Bets receive demand letters from NPA
LUCENA CITY—Communist rebels have started sending letters to politicians reminding them to pay ‘’permit to campaign” (PTC) fees in guerilla-controlled areas.
At least three candidates for local posts confirmed having received demands for PTC fees from supposed New People’s Army (NPA) units in Quezon province.
The three candidates, who agreed to be interviewed on condition of anonymity for their safety, said that while they were inclined to ignore the rebels’ demand, they would still seek a compromise or pay less than demanded from them.
“I received my invitation letter last month,” a reelectionist mayor in the Bondoc peninsula belonging to the province’s third district, told the Inquirer on Sunday.
He said the letter reminding him to pay the PTC fee was delivered by a barangay official but specified no amount.
In past elections, the rebels reportedly demanded not only cash but rice, food stuff, medicine, communication equipment and even cell phone load.
Brig. Gen. Erick Parayno, commander of the Philippine Army’s 201st Infantry Brigade in Quezon, called on candidates not to give in to the rebels’ demands.
“The candidates should not be frightened. The rebels are now a weak force. If they give in, the extortion will not stop,” Parayno said.
Another mayoralty candidate in the Lamon Bay area in Quezon’s fourth district, who also received demands for payment through his mobile phone, said the offer of a security escort by the police and military was double-edged.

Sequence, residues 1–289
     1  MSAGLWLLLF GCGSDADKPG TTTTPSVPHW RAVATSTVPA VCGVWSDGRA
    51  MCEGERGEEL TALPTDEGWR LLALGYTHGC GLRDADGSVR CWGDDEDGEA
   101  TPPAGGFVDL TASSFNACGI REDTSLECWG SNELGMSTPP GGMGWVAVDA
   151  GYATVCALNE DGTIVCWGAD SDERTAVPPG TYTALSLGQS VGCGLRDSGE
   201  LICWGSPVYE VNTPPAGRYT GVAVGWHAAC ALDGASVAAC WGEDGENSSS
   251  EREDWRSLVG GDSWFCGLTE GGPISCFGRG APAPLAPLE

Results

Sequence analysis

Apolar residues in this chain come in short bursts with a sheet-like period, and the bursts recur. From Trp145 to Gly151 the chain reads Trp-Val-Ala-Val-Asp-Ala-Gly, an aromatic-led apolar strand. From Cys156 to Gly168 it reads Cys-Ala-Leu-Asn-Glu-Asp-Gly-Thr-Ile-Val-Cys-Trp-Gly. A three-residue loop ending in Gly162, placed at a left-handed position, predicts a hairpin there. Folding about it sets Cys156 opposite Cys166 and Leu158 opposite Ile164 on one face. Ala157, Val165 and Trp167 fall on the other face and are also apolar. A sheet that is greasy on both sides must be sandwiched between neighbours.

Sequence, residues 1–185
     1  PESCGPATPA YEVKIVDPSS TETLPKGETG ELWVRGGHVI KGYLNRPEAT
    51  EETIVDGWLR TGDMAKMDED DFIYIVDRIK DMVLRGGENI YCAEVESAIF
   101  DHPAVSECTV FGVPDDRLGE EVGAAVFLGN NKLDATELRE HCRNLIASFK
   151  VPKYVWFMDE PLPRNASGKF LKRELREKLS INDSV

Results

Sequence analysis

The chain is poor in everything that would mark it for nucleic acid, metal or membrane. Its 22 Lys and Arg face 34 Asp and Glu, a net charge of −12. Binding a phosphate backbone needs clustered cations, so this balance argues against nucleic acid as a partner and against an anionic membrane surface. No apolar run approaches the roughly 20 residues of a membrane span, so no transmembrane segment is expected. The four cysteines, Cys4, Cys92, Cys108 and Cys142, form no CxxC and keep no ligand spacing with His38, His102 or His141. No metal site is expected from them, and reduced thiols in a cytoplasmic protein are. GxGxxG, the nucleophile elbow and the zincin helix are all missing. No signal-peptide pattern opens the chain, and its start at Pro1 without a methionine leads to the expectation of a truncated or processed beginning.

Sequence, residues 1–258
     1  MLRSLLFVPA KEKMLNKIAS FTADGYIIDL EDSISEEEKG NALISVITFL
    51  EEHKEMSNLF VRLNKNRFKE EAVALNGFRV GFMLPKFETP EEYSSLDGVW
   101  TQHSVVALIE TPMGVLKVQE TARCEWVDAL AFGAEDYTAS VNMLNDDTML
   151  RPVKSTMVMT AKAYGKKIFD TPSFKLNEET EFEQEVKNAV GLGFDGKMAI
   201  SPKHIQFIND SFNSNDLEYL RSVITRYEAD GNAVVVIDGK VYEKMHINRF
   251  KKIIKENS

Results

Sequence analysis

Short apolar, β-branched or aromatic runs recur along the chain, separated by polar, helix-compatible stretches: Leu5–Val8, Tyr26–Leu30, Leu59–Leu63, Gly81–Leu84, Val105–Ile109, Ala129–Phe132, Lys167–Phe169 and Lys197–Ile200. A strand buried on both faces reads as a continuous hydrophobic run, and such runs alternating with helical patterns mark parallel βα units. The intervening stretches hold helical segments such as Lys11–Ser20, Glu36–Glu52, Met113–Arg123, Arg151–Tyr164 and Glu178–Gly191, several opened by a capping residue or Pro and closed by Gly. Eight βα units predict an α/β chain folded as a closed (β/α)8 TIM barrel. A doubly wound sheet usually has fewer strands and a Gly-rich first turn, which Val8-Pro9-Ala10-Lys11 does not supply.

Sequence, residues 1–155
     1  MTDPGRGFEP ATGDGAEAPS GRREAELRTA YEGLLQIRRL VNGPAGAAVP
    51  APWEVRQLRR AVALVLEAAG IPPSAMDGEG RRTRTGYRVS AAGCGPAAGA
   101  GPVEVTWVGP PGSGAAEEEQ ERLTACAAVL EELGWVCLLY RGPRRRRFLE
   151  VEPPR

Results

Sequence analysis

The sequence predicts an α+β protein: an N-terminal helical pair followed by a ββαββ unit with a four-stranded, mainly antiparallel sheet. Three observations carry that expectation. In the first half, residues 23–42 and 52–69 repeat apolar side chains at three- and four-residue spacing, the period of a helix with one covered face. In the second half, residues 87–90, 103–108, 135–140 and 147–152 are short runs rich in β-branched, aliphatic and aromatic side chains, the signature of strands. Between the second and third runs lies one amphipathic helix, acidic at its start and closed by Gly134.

‘’There’s a semblance of protection but at the same time a candidate will lose votes in NPA-controlled areas,” the candidate said.
‘’Worse, the rebels could resort to liquidation to instill fear,” he said.
The two other candidates interviewed by the Inquirer rejected the security escorts offered by the police and military.
‘’It would only complicate matters and create more trouble,” one candidate said.
The mayoral bet from Lamon Bay said he received word from some Quezon mayors that they had also received similar notices from the rebels.
He said most of the candidates, like himself, were inclined to negotiate with the rebels.
Parayno said there were 27 armed rebels operating in the central Quezon, Lamon Bay and Bondoc peninsula areas, mostly on the outskirts of Gumaca, Lopez, Macalelon and Buenavista towns. Delfin T. Mallari Jr., Inquirer Southern Luzon
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